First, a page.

CNRP Signs Vandalized in Prey Veng, Svay Rieng Provinces

The Ministry of Interior issued a statement Wednesday accusing, though not naming, the opposition Cambodia National Rescue Party (CNRP) of vandalizing 16 of their own party political signs in five districts in Prey Veng and Svay Rieng provinces this week.

According to the ministry statement, 16 CNRP signs were either defaced or knocked down Tuesday night in Prey Veng province’s Preah Sdech and Kompong Trabek districts as well as in Svay Rieng City and the province’s Svay Teap and Kompong Ro districts.

Though providing no proof, the ministry said the vandalism was a “cheap act that was systematically planned to ruin the good environment before the election,” and to support those who might try to reject the outcome of the vote.

Destruction of the signs “is to serve the negative purpose of allowing for a denial of the election’s results, which is also what the CNRP has previously said,” the ministry said in the statement, which was signed by Lieutenant General Khieu Sopheak.

Chan Ran, district governor of Kompong Trabek district, confirmed that two CNRP signs were damaged, with one defaced with silver spray paint, and the other knocked down.

“The police are investigating this. I think it’s the same people who did it because it’s the same silver spray as in the other districts,” Mr. Ran said, declining to say whether he believed that the CNRP was responsible for de­stroying its own signs.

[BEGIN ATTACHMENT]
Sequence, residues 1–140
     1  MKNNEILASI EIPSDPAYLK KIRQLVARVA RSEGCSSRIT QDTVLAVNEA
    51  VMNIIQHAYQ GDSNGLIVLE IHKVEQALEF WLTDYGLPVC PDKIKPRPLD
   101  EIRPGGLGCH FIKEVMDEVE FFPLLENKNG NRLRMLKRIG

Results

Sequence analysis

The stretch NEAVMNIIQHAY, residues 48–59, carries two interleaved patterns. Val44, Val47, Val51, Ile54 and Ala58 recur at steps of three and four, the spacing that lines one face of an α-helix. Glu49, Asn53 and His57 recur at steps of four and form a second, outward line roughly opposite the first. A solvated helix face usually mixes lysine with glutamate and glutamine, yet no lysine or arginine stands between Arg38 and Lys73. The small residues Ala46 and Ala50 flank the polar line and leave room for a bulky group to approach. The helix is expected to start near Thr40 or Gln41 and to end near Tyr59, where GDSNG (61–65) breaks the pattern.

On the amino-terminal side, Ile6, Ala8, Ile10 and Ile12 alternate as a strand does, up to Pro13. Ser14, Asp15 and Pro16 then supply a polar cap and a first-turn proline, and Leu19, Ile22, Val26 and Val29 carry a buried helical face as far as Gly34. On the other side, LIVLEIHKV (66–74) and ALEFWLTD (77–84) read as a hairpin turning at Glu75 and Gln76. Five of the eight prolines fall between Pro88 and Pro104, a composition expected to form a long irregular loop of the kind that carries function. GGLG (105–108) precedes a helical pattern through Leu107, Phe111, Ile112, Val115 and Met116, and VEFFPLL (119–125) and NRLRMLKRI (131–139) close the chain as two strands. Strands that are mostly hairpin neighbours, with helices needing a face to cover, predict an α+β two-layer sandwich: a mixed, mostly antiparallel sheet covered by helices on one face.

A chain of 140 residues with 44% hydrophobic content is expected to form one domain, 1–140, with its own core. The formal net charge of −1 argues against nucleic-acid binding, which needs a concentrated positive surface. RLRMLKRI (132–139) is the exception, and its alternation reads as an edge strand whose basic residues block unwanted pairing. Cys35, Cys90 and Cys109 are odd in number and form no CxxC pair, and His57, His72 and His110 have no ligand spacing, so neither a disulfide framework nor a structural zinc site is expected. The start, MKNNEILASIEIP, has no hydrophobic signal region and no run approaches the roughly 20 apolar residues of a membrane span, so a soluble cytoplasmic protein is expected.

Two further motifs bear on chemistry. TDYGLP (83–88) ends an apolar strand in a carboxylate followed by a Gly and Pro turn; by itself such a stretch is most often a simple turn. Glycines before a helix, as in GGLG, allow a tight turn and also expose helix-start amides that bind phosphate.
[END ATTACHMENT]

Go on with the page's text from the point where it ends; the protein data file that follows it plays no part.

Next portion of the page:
CNRP spokesman Yim Sovann denied that his party was behind the vandalism, and pointed the finger of blame back at the ruling CPP.

“We’ve had almost 100 signs destroyed across the country, in provinces like Kampot, Kep and Kompong Thom,” Mr. Sovann said. “The ruling party knows that our popularity has increased so they want to destroy us.”

“This is just another example to show that this is not a free and fair election,” he added.

Contacted by telephone, Lt. Gen. Sopheak refused to directly accuse the CNRP by name of destroying their own signs, but he vouched for the innocence of his ruling CPP and the six other parties contesting the election.

“The CPP knows that they will win again so they won’t do such a cheap thing,” Mr. Sopheak said.

“And the other six parties are so happy to hear that the CNRP will deny the [election] results because whatever seats the CNRP receives, they will then be distributed to them.”

The National Election Committee confirmed Thursday that it would redistribute seats won by the opposition CNRP if they should decline to take their seats in Parliament after the election.

Sam Rainsy, the self-exiled opposition party president, said Saturday the CNRP would not accept the results of the July 28 vote if there were no reforms made to the electoral process, and that the opposition will demand a re-election.

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